Through research, climate modelling and analysis, we've identified the landscapes where we can make the biggest difference.
We first established our priority landscapes in 2016 to help focus our work on areas of Australia under-represented in the National Reserve System and where our particular skills could be best applied to address the threats to those habitats.
In 2021, we updated our knowledge of habitat condition, levels of protection and the likely threats to these areas. We added an overlay of expected climate change impacts, areas of resilience and factors that would add to resilience or vulnerability in the coming decades.
We relied heavily on published research, data from our partners at CSIRO, DAWE and other national datasets to understand the extent of ecological change our landscapes are likely to experience.
We assessed where refugia were likely to be important in protecting biodiversity into the future, and where we have new and important opportunities to protect and manage thriving landscapes for decades to come. To see more on this work visit ConservationFutures.org.au.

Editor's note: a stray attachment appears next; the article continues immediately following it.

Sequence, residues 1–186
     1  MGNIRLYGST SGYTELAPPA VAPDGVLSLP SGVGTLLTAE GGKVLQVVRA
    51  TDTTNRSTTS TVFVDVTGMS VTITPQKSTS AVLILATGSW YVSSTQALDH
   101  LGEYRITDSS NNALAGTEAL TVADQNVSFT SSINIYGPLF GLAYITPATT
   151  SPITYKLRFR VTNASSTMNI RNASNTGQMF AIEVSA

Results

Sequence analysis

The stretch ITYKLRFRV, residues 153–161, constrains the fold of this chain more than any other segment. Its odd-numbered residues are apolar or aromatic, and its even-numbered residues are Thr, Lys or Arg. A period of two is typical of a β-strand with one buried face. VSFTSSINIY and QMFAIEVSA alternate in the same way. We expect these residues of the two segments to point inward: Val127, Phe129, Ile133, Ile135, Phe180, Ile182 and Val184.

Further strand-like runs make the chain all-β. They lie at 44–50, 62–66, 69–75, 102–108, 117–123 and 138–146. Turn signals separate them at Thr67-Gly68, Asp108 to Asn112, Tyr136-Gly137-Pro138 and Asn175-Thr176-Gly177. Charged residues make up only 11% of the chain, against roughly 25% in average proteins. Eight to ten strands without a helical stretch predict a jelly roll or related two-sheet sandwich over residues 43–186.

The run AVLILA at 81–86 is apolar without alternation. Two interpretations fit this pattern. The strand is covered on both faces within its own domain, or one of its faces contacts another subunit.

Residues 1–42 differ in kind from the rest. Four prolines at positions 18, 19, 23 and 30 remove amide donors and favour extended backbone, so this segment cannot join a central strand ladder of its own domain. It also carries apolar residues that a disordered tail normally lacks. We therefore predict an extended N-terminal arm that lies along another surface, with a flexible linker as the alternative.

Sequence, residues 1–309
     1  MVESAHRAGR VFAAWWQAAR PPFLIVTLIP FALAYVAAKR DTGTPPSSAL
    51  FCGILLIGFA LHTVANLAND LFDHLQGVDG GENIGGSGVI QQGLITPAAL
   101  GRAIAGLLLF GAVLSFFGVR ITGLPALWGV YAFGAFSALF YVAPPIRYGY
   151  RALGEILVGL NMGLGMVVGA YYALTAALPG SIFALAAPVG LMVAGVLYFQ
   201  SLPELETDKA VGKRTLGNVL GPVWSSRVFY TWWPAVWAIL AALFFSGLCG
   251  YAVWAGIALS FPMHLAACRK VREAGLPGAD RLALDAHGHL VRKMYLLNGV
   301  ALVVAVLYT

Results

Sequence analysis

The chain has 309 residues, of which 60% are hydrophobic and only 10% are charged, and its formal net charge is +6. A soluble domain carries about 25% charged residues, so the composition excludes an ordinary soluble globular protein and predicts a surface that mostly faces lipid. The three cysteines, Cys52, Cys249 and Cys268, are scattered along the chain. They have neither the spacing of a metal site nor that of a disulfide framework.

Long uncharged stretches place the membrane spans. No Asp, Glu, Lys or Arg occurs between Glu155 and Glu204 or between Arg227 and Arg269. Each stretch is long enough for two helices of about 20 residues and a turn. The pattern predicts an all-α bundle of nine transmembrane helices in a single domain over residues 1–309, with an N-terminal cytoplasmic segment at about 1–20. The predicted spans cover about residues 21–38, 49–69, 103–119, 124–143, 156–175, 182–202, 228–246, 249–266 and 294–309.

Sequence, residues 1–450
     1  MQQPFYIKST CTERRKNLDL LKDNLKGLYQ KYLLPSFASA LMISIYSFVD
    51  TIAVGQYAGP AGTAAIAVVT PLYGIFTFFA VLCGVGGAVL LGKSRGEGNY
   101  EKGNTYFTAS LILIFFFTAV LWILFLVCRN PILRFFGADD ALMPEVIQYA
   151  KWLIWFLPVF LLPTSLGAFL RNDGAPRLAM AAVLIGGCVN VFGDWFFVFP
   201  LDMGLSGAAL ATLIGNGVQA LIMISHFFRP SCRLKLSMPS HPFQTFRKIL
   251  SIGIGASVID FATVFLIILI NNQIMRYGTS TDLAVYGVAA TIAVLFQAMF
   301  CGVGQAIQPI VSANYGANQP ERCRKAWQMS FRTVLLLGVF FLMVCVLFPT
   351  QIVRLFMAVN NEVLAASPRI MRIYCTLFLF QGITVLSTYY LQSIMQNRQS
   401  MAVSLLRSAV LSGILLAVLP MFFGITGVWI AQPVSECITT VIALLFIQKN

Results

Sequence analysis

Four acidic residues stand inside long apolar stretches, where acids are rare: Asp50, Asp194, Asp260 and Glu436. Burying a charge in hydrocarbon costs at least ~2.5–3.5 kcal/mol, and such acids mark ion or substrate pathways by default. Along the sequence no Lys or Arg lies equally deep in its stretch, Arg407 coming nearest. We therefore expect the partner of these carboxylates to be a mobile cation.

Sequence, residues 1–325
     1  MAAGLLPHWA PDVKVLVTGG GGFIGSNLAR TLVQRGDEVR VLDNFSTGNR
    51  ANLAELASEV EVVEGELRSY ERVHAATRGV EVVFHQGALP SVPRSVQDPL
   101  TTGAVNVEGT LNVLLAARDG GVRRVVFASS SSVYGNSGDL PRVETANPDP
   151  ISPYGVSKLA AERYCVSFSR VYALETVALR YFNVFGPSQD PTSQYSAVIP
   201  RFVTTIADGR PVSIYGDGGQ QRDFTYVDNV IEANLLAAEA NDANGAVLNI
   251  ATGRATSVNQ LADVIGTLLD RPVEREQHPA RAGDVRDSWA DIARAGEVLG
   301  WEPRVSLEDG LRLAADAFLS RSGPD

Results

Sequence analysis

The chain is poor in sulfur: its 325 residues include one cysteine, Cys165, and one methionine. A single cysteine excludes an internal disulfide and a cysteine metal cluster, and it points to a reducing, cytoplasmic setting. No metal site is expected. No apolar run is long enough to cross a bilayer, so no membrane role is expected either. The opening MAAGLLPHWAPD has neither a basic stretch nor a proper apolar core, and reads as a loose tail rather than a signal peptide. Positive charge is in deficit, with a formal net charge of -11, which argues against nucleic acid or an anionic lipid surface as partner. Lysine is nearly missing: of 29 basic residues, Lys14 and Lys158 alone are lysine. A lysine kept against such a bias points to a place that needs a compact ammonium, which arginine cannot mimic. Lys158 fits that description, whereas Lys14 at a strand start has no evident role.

This work led to assigning three categories to our Priority Landscapes, that influence how we work in each area:
1. Resilient landscapes
Large, intact areas of high conservation value that could be highly adaptable to climate change. Here we’ll prioritise large reserve acquisitions and/or working in partnerships with Aboriginal groups or the farming community.
2. Reconnection landscapes
Fragmented landscapes, likely to see moderate to medium impacts of climate change where reconnection and active restoration will be important to building resilience. We'll buy, restore and work in partnership with others across these areas.
3. Strengthen landscapes
In the coming decades, these landscapes may experience significant transition. We'll collaborate with Traditional Owners and academics to innovate, invest and bring new tools to mitigate expanding threats and explore opportunities to shore up existing properties.